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RUNNING: Local marathoner overcame obesity, kidney cancer

By TROY BRYNELSON
East Oregonian

Published on October 9, 2014 12:01AM

Last changed on November 19, 2014 1:21PM

<p>Photo contributed by Darryl Houghtelling Darryl Houghtelling celebrates briefly on top of Maiden Peak, the 53-mile-mark of the Waldo Lake Ultramarathon and 7,818 feet above sea level. The race was August 16, 2014.</p>

Photo contributed by Darryl Houghtelling Darryl Houghtelling celebrates briefly on top of Maiden Peak, the 53-mile-mark of the Waldo Lake Ultramarathon and 7,818 feet above sea level. The race was August 16, 2014.

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CONDON — Not just because it took 17 hours did Darryl Houghtelling cry at the finish line of the Waldo Lake 100k Ultramarathon. This was Houghtelling’s sixth such run in four years.

Nor was it the 62 miles of mountainous terrain, peaking and crashing like a distressed heart monitor, which wore him down so completely. Houghtelling sometimes runs 20 miles for a haircut.

And he didn’t cry because a few days before doctors told Houghtelling and his wife they had found a cancerous growth on his left kidney. Against their suggestion, Houghtelling ran the race in the face of imminent surgery.

Houghtelling cried because two years ago he failed the course, limped off the trail without finishing. He needed to prove he could. Plus, he didn’t get the beanie awarded to finishers, which he coveted.

“It’s kind of silly, all that for a hat,” said Houghtelling. “I don’t even like hats.”

Houghtelling, 44, is a retired trucker turned marathoner and hoarder of trophies. In his Condon home, he has a room full of medals and a Forest Gump-themed photo album filled with racing bibs. He records all his races and finishing times in a notebook. In that room, too, are pictures of his former self when he weighed more than 300 pounds.

A former track star from Dufur High School, the Portland-native Houghtelling held the 3,000-meter record for 24 years in Class 1A high schools before Alex Dillard broke it in 2010. After graduating, he went into the Marine Corps during the Gulf War and served as an anti-tank infantryman and aquatic survival instructor. Then he moved to Green Bay, Wisconsin to be with his first wife, and took a trucking job.

“Other than blowing people up or lifeguarding, I didn’t have many skills,” he said. “But that job — it kills you.”

The brutal driving schedule kept Houghtelling on the road for weeks at a time. He staved off boredom by gorging on food across 48 states. He quickly ballooned to 300 pounds while standing about five-foot-six-inches. His health and his marriage deteriorated.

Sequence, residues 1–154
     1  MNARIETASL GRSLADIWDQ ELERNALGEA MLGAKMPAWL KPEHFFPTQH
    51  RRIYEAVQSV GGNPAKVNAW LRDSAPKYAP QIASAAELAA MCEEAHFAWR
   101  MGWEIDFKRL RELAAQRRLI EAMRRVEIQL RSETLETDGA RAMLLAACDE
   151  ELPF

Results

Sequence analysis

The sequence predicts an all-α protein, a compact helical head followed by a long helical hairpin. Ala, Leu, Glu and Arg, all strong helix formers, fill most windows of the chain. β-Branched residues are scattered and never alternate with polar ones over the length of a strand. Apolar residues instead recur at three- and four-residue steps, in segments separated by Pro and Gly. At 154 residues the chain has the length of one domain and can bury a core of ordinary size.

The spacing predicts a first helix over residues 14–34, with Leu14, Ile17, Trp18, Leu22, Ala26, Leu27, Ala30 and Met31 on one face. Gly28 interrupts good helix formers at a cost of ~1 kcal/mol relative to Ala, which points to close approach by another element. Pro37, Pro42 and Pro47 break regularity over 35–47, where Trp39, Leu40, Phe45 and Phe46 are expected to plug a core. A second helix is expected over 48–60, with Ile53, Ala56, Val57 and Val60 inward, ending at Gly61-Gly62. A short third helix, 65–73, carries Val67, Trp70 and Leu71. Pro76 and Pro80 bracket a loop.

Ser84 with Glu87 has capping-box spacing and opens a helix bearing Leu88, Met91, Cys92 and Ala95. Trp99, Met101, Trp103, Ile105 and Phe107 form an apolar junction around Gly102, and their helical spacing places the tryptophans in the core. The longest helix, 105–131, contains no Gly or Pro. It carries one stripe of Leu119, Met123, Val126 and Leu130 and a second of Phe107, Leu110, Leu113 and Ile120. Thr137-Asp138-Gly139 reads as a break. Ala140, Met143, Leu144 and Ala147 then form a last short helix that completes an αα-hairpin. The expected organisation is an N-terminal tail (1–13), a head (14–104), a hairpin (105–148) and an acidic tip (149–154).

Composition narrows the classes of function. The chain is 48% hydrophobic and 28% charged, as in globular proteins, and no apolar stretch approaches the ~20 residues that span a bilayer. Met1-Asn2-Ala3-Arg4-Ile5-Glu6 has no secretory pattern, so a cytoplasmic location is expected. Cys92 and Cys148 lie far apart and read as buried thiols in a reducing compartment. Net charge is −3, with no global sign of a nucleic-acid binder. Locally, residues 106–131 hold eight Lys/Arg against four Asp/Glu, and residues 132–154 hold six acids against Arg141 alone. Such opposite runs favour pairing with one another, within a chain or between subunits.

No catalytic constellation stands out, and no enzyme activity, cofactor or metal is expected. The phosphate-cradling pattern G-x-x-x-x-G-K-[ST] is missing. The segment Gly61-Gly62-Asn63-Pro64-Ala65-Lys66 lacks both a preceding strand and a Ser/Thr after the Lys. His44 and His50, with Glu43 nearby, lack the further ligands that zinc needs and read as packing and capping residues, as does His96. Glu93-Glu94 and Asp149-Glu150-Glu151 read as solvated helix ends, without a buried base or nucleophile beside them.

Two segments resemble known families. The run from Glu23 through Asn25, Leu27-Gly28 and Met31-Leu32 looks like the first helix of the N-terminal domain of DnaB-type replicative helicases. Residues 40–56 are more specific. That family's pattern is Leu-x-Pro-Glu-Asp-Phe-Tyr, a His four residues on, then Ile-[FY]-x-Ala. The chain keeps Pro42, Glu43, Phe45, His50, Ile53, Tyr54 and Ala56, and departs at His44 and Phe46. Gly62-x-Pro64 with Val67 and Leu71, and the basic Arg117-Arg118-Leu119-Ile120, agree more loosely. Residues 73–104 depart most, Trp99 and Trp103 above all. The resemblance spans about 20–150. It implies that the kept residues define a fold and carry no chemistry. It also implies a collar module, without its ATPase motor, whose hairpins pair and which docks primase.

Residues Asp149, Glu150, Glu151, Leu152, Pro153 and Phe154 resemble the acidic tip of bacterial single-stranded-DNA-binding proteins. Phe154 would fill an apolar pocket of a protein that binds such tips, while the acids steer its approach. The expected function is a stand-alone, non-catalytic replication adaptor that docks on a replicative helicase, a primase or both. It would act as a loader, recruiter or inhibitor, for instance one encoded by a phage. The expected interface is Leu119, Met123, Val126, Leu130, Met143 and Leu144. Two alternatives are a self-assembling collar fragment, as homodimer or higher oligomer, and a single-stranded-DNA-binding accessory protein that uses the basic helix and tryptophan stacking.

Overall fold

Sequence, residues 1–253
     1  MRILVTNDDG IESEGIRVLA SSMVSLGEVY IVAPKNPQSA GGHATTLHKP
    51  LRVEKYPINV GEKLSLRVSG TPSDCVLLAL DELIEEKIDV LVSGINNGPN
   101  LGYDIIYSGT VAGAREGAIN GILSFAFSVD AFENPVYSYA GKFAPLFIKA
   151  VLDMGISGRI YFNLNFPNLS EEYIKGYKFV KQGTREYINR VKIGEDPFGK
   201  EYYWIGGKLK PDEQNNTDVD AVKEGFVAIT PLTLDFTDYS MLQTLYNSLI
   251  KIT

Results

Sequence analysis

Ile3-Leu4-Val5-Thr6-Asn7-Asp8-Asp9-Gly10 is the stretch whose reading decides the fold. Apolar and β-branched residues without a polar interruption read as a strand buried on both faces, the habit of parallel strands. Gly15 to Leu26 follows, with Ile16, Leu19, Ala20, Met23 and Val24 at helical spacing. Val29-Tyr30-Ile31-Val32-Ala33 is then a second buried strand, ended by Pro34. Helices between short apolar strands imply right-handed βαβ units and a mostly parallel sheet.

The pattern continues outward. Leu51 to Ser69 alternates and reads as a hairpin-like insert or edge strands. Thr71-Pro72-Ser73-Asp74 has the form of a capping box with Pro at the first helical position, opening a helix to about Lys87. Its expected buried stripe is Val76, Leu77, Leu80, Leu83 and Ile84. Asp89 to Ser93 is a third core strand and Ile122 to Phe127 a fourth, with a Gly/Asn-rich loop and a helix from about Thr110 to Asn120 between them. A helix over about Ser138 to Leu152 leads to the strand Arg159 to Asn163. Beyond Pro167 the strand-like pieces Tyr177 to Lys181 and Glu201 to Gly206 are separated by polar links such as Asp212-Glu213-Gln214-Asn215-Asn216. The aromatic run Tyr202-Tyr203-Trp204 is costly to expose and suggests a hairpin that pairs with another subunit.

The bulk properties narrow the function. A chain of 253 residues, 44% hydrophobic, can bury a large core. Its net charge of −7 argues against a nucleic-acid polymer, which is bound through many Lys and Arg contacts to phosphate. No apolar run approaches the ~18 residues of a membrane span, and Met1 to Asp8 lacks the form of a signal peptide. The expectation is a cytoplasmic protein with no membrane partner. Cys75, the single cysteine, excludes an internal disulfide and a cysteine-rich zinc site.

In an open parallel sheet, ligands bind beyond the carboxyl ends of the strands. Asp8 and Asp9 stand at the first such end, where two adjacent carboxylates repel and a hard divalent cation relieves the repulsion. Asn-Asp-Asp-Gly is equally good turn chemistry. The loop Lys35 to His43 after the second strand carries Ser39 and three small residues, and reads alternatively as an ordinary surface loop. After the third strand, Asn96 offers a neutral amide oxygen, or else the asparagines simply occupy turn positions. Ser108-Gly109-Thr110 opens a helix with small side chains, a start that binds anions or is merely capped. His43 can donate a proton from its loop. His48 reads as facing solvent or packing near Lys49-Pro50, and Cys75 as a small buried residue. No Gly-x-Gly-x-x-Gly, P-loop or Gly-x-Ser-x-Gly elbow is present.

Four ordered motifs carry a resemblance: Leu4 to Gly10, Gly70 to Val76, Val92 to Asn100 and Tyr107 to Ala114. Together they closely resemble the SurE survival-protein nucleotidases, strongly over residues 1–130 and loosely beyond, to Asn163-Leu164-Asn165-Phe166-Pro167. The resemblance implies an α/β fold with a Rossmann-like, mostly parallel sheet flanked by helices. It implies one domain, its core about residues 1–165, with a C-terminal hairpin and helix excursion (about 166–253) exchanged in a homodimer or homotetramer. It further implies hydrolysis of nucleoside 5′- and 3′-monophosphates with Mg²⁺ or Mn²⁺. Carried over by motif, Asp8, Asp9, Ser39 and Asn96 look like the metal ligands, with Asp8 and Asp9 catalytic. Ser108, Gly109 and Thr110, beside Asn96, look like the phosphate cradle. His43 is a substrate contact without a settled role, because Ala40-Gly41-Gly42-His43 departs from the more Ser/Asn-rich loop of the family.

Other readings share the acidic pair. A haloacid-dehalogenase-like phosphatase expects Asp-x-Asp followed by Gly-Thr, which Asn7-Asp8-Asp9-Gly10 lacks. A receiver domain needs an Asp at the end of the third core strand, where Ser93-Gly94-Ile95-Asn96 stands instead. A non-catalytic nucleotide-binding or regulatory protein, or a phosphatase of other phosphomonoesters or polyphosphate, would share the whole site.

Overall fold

Houghtelling then met Jennifer Husnick and, along with Houghtelling’s two kids, they relocated to Condon. Houghtelling fought his weight by dieting, but relapses eventually pushed him to 344 pounds. His blood pressure and cholesterol levels skyrocketed and sleep apnea kept him hooked to a breathing apparatus at night, which he described as a “Darth Vader machine.”

His father, who died in 2010, pleaded with his son.

“You know, son,” Darryl remembered his father, Harold, saying, “I’d wish you’d get back down to your jogging weight and be healthy.”

Doctors at Oregon Health and Science University told Houghtelling he was a perfect candidate for lap-band surgery, which affixes a belt around the stomach and limits food intake. His health insurance, however, wouldn’t cover it. He couldn’t pay $35,000 out of pocket for the surgery in the United States, so Houghtelling and his wife flew to Tijuana, to the Centro de Ultrasonido y Radiologia del Pacifico where Dr. Huacuz offered the same procedure for $8,000.

“I wanted to change,” said Houghtelling. “Doing simple things like bathroom stuff, it’s harder. You’re out of breath. It just takes so much more effort.”

He then began to walk around a local track with his pug, Chunk. Ten months later, in October 2009, he ran the Run Like Hell half marathon in two hours, and thus began his collection of marathon tchotchkes.

However, in early August of this year, Houghtelling decided to treat himself to a hamburger while his wife was away. His cinched stomach couldn’t handle the portions and Houghtelling found himself in the hospital. It was then doctors discovered a growth on his left kidney — renal cell carcinoma. They said it hadn’t spread far.

“I joke with people, but eating actually saved my life,” said Houghtelling.

Houghtelling was immediately booked for surgery to slice out nine centimeters of kidney, but in the meantime his wife urged him to retry the Waldo Lake run anyway, if only to take his mind off the surgery. It worked for a little while, until Houghtelling crossed the finish line and broke down in tears.

Six weeks after surgery, Houghtelling returned to running, completing the Portland Marathon in just less than four hours alongside his running partner, Natalie Irzyk.

“He’s a beast himself,” Irzyk said of Houghtelling’s journey.

Flipping through his album of racing bibs, Houghtelling has his sights set on running the New York City Marathon in November, followed by the Boston Marathon in April. He still wants to expand his collection. Sometime around the bend, Houghtelling wants to run the Western States Endurance Run, a 100-mile ultramarathon in California.

“For that you get a belt buckle,” Houghtelling said. “I’ll wear a belt buckle.”



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